their swiftly sailing cloud boat; they hurried
him over forests and marsh lands, over mountains
and sea, and at the hour of midnight
dropped him gently on the frozen shores of
Wise old Louhi, gray and grim and toothless,
was standing in her doorway. She heard the
roar of the tempest and the shrieks of the night
wind. She saw the inky clouds swiftly sailing
from the South Land and the gray wolves of the
air racing madly over the sea. Then in the
misty darkness she heard footsteps; but the
watch dogs lay sleeping in the sledgeway, their
ears were closed, they did not bark. She listened,
and presently a voice—a strange and
manly voice—was heard above the storm wind's
roar; but still the watch dogs slept and gave no
The Mistress, grim and fearless, spoke up
bravely in the darkness, heeding not the
dreadful turmoil. "Who goes there?" she cried.
"Who is it that comes on the storm wind's
back, and yet so quietly that he does not rouse
nor waken my watch dogs?"
 Then the voice answered from out the turmoil
and the gloom, and a young man tall and
handsome stepped into view. "I am a wayfarer
and a stranger," he said, "and I am not
here through my own choice. Nevertheless, I
beg that I may find in this place some shelter
till this fearful storm has passed."
"You have no need to ask shelter of me,"
answered the woman; "for when did the Mistress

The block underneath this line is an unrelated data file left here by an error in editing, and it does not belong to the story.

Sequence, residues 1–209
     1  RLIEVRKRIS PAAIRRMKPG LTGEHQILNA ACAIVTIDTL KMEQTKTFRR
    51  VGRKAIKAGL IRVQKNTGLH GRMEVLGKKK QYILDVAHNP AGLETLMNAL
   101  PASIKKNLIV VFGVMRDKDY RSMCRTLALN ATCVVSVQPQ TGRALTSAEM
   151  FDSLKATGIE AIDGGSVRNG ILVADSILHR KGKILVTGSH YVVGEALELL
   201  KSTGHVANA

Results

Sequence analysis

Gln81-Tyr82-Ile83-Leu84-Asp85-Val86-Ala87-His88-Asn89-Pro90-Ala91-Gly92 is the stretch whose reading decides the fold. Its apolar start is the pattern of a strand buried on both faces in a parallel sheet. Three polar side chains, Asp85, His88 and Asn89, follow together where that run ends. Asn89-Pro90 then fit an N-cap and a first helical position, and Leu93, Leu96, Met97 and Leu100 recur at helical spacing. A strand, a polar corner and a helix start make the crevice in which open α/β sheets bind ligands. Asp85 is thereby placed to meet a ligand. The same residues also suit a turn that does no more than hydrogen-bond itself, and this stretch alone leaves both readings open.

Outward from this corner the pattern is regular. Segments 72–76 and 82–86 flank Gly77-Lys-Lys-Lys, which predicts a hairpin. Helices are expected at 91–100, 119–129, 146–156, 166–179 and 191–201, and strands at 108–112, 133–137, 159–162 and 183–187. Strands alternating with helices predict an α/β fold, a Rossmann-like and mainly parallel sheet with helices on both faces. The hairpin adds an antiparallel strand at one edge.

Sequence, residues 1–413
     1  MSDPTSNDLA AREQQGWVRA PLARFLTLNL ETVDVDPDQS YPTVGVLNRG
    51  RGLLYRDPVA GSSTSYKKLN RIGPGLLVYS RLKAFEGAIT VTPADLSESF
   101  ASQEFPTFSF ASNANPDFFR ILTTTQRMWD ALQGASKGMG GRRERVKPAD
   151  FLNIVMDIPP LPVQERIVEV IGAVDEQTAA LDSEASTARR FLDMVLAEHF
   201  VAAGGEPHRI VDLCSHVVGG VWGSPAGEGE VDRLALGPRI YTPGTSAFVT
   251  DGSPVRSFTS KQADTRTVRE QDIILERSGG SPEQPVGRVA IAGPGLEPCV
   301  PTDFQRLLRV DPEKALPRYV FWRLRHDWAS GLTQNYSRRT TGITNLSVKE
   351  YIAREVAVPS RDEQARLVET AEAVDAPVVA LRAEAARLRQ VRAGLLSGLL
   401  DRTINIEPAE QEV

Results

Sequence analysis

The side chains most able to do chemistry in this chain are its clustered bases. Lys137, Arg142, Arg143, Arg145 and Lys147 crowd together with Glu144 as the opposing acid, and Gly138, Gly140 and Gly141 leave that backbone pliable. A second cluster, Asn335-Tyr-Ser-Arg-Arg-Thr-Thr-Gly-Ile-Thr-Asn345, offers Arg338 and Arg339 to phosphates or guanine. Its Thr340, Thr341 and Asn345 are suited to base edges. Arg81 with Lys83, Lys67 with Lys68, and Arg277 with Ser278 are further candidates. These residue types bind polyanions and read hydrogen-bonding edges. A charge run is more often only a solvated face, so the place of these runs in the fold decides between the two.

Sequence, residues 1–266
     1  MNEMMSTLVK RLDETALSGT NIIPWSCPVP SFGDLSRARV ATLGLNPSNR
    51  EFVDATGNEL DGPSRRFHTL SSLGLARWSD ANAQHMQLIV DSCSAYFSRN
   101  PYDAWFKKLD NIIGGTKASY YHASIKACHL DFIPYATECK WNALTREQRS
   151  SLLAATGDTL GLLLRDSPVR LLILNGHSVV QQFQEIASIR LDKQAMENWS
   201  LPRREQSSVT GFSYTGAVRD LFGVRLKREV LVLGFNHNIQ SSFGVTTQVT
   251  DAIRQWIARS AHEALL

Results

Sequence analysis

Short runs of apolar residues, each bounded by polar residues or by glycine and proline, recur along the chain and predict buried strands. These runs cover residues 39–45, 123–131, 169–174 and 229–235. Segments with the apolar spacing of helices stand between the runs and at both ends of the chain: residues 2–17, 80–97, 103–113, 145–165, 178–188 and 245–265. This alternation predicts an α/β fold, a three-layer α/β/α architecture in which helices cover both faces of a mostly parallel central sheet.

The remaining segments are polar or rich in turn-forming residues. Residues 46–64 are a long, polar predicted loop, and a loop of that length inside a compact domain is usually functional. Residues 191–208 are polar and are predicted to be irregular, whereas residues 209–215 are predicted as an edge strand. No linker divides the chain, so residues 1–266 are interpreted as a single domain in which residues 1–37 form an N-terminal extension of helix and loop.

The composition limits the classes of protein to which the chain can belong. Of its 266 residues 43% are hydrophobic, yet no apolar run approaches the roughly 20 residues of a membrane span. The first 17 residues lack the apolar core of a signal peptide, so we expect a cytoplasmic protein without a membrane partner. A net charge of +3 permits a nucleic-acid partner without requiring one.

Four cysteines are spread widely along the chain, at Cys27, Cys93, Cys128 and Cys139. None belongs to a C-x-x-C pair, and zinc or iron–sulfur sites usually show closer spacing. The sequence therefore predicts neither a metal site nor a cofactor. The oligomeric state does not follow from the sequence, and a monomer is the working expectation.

of Pohyola turn a stranger from her door?
When did she refuse to give a wayfarer the
warmest place by her fireside?"
Forthwith she led him into her long, low hall;
she gave him a seat by the pleasant fire. She
brought food in plenty and set it before him.
She did everything that would take away his
weariness, everything that would add to his
At length, when he had warmed and rested
himself and had satisfied his hunger, she
ventured to ask him a question. "Have you ever
in all your travels met a minstrel, old and
steady, whom men call Wainamoinen?"
"Oh, yes, surely," answered the Smith. "He
is an ancient friend of mine, dear as a brother,
precious as a father. He has just returned
 home from a long visit to this North Country.
He tells wonderful stories of the good people of
Pohyola—pleasant tales of a pleasant land."
"How glad I am," said the Wise Woman.